OAKLAND — It will soon be up to a jury to decide the fate of a well-known transgender rights activist accused of murdering three family members during a frenzied stabbing and shooting in which one of the victims was stabbed to the point of disfigurement as she and her spouse slept in their bed.
Dana Rivers, 67, of San Jose, faces charges of murdering Charlotte Reed, 56, her wife Patricia Wright, 57, and Wright’s 19-year-old son, Benny Toto Diambu-Wright, inside their Dunbar Avenue home in Oakland. Rivers is also charged with dousing the garage with gasoline and setting it on fire, an apparent cover-up attempt that was thwarted when a policeman came to the scene just three minutes after a neighbor called 911.
At the close of Rivers’ three-week-long trial Monday, Deputy District Attorney Abigail Mulvihil told jurors that Rivers carefully planned to murder the couple, spending weeks gaining their trust and visiting their home, while planning the slaughter in advance. Rivers used a pistol equipped with a silencer to shoot Reed and Wright as they slept in an upstairs bedroom, then fired at Diambu-Wright as he ran for his life out of the home, striking him in the heart, the prosecutor said.
“(Rivers) is so manipulative, so fake, that she convinced Charlotte she wasn’t a threat anymore,” Mulvihill said during her closing argument Monday afternoon. She later added that Rivers “faked their friendship” and waited for everyone in the home to fall asleep before she struck.
“The defendant was hiding in plain sight,” she said.
Showing jurors pictures of all three victims dead in their pajamas, Mulvihill said it was clear that Rivers waited for them to be in a defenseless position and used a silencer so it wouldn’t be a three-on-one fight. She said Reed bore the brunt of the attack, and suffered 47 stab wounds, some of which were inflicted over and over.
“(Rivers) stabbed (Reed) over and over and over and over,” Mulvihill said, her voice rising, as she banged the podium with her fist. She later added, “(Rivers) wanted Charlotte Reed to be unrecognizable. She succeeded.”
Rivers’ attorney, Melissa Adams, is expected to argue self-defense or that Rivers was acting in defense of others. Adams told jurors at the start of trial that the deceased couple had a volatile, sometimes violent relationship and there may have been infidelity. She is expected to make her final pitch to the jury Monday afternoon.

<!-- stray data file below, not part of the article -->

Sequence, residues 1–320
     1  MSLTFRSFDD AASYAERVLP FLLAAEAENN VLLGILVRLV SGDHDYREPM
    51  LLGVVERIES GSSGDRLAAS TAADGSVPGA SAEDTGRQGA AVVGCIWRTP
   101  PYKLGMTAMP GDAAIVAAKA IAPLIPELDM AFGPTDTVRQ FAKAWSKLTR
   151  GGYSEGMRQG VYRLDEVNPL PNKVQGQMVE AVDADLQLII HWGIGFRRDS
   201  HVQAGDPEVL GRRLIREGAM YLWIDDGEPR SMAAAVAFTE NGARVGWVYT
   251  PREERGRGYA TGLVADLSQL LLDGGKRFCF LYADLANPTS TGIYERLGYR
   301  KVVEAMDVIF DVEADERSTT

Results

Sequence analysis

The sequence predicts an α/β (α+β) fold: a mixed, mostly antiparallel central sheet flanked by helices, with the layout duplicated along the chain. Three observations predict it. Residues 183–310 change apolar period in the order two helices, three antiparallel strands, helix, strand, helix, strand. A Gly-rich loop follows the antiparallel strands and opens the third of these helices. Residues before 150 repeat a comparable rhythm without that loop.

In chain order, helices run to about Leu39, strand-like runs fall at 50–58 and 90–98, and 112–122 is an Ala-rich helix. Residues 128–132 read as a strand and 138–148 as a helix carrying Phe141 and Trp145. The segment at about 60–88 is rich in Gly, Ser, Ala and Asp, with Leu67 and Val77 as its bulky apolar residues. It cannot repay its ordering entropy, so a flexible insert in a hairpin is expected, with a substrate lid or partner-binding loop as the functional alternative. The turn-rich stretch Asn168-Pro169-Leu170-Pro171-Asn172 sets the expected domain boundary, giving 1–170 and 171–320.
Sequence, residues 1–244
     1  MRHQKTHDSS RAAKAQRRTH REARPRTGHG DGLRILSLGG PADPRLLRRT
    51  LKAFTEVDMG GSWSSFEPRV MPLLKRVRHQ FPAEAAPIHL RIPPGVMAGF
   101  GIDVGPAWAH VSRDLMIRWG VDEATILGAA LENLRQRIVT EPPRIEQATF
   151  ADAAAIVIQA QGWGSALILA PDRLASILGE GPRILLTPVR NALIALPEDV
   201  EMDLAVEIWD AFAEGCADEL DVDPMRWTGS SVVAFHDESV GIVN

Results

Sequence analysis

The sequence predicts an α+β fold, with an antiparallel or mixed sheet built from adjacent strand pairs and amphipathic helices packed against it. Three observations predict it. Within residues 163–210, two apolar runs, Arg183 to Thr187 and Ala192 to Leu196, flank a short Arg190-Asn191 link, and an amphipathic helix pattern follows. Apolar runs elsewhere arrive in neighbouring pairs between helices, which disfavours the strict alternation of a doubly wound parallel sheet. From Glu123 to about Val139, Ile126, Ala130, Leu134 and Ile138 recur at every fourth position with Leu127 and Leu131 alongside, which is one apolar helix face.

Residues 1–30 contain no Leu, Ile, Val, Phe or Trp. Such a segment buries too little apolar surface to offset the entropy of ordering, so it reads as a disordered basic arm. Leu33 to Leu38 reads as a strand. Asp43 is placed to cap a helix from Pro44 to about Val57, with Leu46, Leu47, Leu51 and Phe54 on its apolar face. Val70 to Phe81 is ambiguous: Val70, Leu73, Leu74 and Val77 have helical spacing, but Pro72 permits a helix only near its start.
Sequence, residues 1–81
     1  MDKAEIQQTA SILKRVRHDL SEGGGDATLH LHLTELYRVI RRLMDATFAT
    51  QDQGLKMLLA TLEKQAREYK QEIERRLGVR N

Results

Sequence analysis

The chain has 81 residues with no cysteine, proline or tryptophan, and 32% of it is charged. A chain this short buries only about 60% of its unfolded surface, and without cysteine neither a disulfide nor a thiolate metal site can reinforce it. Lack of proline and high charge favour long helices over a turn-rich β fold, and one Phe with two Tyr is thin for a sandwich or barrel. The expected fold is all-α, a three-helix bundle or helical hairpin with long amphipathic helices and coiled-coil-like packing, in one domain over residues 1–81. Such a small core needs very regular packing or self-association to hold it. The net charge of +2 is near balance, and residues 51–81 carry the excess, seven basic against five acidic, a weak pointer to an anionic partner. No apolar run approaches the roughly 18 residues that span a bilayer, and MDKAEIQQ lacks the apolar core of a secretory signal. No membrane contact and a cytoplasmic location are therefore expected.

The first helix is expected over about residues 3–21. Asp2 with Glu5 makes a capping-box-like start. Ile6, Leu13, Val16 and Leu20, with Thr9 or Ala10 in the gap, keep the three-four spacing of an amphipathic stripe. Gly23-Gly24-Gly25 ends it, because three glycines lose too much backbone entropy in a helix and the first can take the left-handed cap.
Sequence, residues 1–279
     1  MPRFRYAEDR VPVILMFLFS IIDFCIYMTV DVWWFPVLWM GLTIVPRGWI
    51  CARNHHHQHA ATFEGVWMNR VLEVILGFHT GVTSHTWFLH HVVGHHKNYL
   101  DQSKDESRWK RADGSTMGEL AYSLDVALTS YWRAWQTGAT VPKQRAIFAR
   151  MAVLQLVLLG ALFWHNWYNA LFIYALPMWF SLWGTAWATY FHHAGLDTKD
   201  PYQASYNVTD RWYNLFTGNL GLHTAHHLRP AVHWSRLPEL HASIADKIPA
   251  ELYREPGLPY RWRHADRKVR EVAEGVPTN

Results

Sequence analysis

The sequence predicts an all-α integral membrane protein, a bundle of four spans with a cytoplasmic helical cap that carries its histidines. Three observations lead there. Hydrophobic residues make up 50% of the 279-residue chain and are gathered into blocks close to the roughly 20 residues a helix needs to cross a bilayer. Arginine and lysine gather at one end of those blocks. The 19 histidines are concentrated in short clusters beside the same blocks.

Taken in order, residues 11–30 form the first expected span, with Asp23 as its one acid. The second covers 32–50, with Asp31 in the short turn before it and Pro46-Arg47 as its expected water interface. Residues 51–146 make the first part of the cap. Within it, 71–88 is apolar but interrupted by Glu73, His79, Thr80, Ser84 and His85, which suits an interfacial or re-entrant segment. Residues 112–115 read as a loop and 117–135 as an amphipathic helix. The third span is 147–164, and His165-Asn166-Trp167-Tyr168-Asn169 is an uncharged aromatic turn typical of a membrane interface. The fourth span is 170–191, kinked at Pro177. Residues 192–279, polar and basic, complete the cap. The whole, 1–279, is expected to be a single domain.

If Rivers is convicted, jurors will be asked to determine whether she was legally insane at the time of the killings. The outcome of that trial — if it happens — would determine whether Rivers goes to prison of a mental health facility.
Mulvihill describes Rivers and hellbent on revenge, partially due to her obsession with mimicking outlaw biker clubs like the Hells Angels. Rivers and Reed had been part of an all-female motorcycle club known as the Deviants, but Reed left the group months before she was killed. Prosecutors allege that Rivers saw herself as an “enforcer” and followed Reed around for weeks, making Reed so concerned she started keeping a gun around the house.
Rivers and Reed had been friends before Reed joined the club. They met at the Menlo Park Veterans Affairs Center in Palo Alto, and struck up a friendship because they were both veterans seeking care.
The former president of the now-defunct Deviants testified as a defense witness during trial, and said that not only was Rivers not an enforcer, the club held no such position in its ranks. Mulvihill called her a “liar” and pointed to jail calls where the two talked about having a familial relationship, and that Rivers remarked that they should try to make money off of the triple murder case. She said Rivers was “promoted” to sergeant-at-arms after the killings and that incoming members would be brought to Santa Rita Jail in Dublin to meet her “out of respect.”
After the killings, Rivers seemed most concerned about a necklace with the club’s emblem on it, which had been covered in blood, Mulvihill said.
“It’s not just a piece of jewelry to (Rivers),” she said. “It’s her entire identity, and it fueled her premeditation. It fueled her actions.”
Before her arrest, Rivers was best known as a schoolteacher who became an international news story when she came out as transgender to her students in a high school in Antelope, California. She was subsequently fired for sharing details of her transition, then sued the district and received $150,000 in a settlement. In the aftermath, she became an activist for transgender rights, and ultimately moved to the Bay Area to restart her life as an educator.
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